Discounter growth at lowest level since 2011

Discounter growth at lowest level since 2011

In the wake of the Great Recssion, discount retailers have dominated sales growth across Europe in recent years. However, that’s starting to change. In the U.K., sales growth across the discounters Aldi and Lidl have hit their lowest level in five years. During the 12 weeks ending Nov. 5, 2016, Aldi’s year-on-year sales revenue increased 11.3%, while Lidl’s increased 5.2%. Consequently, the combined figure across the two discounters is the lowest since the end of 2011. However, their current growth still far outstrips the 1.4% rate across the overall U.K. grocery market.

Between them, Aldi and Lidl account for 11.8% of U.K. grocery sales, up from 11.1% a year ago.

It’s inevitable that a time would come when the discounters experienced a slowing growth rate, and three factors have combined to see this happen. Firstly, the growth rates a year ago were particularly high due to a period of new store openings, so it’s always harder to maintain growth against that. Secondly, the supermarkets have had more time to alter strategies to fend off the discounters, particularly Tesco, whose recovery continues apace—its 2.3% growth was the strongest in over three years. Finally, shoppers are still spending freely, and we’ve seen a return of sustainable growth in the volume of items people are buying, helped by industry-wide price cuts, so one of the discounters’ USPs is less pronounced in shoppers’ minds.

Shoppers continue to spend freely, and this is despite the so-called Brexit impact, which isn’t expected to really “hit” consumer spending until next year.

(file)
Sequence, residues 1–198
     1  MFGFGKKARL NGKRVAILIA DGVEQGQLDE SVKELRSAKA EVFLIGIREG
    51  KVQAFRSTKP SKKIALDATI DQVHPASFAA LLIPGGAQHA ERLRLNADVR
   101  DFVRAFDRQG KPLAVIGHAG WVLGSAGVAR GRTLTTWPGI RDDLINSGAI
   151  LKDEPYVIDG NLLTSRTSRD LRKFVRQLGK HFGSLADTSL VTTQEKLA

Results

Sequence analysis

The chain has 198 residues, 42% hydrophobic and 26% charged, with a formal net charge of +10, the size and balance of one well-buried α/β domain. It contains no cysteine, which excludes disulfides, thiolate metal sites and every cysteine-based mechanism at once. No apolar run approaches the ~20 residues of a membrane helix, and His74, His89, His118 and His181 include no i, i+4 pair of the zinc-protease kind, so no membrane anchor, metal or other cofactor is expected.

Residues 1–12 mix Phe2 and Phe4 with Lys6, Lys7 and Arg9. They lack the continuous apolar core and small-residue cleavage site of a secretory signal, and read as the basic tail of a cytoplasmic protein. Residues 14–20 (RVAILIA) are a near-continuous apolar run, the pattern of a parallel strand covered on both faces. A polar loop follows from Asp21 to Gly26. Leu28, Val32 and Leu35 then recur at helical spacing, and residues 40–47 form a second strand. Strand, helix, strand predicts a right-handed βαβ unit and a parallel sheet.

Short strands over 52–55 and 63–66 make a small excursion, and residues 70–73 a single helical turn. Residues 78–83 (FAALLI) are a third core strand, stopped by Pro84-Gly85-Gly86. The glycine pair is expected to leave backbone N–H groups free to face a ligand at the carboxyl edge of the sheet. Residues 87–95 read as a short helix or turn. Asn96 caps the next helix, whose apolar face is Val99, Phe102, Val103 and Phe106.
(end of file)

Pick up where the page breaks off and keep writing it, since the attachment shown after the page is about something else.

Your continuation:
Supermarkets fight back

The four weeks ending Nov. 5, 2016, was the fourth consecutive month of growth for the U.K.’s leading supermarkets in both money taken at the till and volume of goods sold.

Revenues were up 1.1%¹ versus the same period a year ago—the highest figure, excluding Easter-inflated periods, since the end of 2013, whilst volume rose 0.3%¹.

Driven by Halloween and Bonfire Night, the week-ending Nov. 5, 2016, was particularly strong for the major supermarkets, with money taken at the checkout up 2.5% and volumes up 1.9% on last year. This, combined with their recent mini-revival over the last 16 weeks, suggests this holiday season will see an improvement for the supermarkets over the same period last year when sales were flat. As the festive ad campaigns kick-off, it will be interesting to see how much the supermarkets invest in media spend to support this new momentum. Last year, Aldi and Lidl alone spent £27 million² to help their sales growth.

All figures are from Nielsen Homescan Total Till unless otherwise stated.
¹Source: Nielsen Scantrack Grocery Multiples
²Source: Nielsen, 12 weeks to 3/1/16, FMCG Press and TV spend